Monday, November 29, 2004


First and foremost, I am a hopeless nerd.

I study mechanical engineering, but that isn't the defining characteristic here. I like computers, I've done my fair share of hacking, I think my calculator is really cool, and I can remember the very first time I completed an electical circuit that did something, with a switch, two C batteries, and a small lightbulb. All that is well and good, but there's something else too.

See, this stuff I study here in school, I live this stuff. And therein lies the problem.

I drive down a road, and everything I see becomes a study in design and engineering. That traffic light post there? I wonder how thick it is. I wonder how much wind it was designed to withstand before it falls over. I wonder about how it's bolted to the ground, and how deep the concrete base goes. And this isn't even trying - these thoughts all occur within the space of a few seconds.

To those of you who know Bijan Sepahpour - yes, I was thinking of these things well before he brought up this example in class.

Perhaps you can kind of see where I'm going with this. I guess I'm in a fortunate position where I actually like most of the things I learn about. To the extent that I actually think about and apply these things in my free time. To put it bluntly, I'm fascinated by engineering and all that it entails.

So, since you've gotten this far, allow me a few more sentences. The point of this blog, not that it really matters to anyone other than myself, is to share the more interesting observations that I have. Things that are out-of-the-ordinary, that I think are especially salient or just kinda cool. I'll attempt to minimize the technobabble and jargon so that people outside my general sphere of information can sort of understand what I'm trying to say, but also to keep it light enough that those of you studying this stuff aren't too burnt out to maybe enjoy it as well.

I'll close with this: I can't help the way I think. I can't choose to ignore these things any more than you could choose at any given moment to simply forget your own name. It's a function of my education, my upbringing, and my outlook on life as a whole.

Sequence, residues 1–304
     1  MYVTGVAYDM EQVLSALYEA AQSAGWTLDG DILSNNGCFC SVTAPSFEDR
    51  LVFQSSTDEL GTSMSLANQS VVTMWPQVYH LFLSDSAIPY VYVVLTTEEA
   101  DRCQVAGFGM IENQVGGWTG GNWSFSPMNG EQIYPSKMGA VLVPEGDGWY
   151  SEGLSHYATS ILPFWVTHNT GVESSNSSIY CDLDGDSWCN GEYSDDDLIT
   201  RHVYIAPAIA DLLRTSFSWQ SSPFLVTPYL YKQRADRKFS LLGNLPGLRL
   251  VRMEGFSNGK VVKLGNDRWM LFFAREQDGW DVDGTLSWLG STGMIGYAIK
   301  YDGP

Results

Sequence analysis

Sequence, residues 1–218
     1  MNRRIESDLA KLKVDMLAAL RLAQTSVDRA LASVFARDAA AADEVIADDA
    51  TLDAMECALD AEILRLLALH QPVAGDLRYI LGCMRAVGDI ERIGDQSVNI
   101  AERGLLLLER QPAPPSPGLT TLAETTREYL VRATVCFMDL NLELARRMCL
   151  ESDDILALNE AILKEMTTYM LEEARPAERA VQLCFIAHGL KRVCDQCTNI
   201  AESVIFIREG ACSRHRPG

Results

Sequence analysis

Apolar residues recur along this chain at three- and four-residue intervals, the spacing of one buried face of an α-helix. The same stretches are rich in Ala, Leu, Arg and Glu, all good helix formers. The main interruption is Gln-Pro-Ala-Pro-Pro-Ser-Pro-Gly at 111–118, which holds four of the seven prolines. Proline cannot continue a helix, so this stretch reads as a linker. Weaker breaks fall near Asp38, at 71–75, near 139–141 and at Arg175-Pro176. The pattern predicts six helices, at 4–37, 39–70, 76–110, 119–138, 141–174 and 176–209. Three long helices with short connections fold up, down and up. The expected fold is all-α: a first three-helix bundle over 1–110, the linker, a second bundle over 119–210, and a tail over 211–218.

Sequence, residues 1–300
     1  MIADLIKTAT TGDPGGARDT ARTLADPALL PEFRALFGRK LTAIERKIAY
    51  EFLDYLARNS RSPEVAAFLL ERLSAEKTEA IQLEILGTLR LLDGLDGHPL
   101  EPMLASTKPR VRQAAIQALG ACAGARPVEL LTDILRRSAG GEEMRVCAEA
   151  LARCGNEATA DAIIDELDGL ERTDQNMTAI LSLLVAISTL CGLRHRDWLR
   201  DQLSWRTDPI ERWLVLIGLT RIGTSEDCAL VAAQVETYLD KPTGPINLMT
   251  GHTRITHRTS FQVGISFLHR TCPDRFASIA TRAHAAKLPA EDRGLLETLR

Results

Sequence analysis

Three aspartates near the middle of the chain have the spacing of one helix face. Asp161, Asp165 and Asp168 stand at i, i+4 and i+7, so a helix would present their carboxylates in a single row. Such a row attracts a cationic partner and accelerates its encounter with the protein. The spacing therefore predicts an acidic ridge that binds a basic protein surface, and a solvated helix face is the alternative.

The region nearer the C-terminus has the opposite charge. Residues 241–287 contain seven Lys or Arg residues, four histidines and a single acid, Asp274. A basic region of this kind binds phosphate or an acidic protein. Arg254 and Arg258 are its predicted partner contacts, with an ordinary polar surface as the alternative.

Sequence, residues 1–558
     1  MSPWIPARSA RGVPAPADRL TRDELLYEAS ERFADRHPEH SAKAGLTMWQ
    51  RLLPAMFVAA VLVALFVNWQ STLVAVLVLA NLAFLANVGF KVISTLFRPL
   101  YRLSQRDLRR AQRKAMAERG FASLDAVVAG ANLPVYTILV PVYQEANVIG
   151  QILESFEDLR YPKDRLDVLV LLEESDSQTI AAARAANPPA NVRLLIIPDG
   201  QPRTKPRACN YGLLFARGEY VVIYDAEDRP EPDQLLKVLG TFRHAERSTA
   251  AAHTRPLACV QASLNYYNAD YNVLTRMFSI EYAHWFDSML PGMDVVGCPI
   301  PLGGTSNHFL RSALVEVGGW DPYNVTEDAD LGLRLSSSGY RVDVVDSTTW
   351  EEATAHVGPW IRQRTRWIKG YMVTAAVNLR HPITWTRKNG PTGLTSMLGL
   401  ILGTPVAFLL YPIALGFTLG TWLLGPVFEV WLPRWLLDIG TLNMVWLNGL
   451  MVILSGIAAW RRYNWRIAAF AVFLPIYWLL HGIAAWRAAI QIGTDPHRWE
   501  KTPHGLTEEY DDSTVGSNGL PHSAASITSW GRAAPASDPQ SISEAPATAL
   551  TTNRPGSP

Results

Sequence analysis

And I wouldn't have it any other way.


At January 18, 2005 at 3:33 PM, Anonymous Anonymous said...

hey i'm the sameway and i'm old. engineering is cool,knowledge is power. if you know how something works, what it can,or is supposed to do you can make it wor for you and apply it to all kinds of stuff. wish i would have gotten a degree when i was young instead of quitting college because i already knew everything. ended up working construction (electrician) and learning from the school of yelling formans. when i look around i know what the thickness of the litepoles are because i had to set them.sometimes with a crane,sometimes with a bunch of loborers, sometimes with leverage and skills learned on the job by old ass's that jumped your crap if you didn't understand quick enough. old guys taught me alot including what not to do-never make a concrete base for a lite with old plywood and tie wire really messy and hard to clean up when it explodes under the weight of 2 yards of liquid concrete. funny as hell for me since i was only an apprentice but the journeyman who got fired didn't laugh-apprentices do the cleanup though
saw your CAD drawing on and wanted to help maybe tell ya where i screwed up doing mine way back before the turn of the century.but can't figure out how to get my jpeg images from my computer to the jeep talk message board. they only take jpg.
what can i say i'd rather be building something on the jeep or house than banging a keyboard. my e-mail address is i can e-mail you the jpeg's of my pivot points that i made. they work well and are actually cheaper than johnny joint's or heim joint, take mor labor to build and you end up only paying yourself 2$ hr but the education is free and life is about the road not the destination


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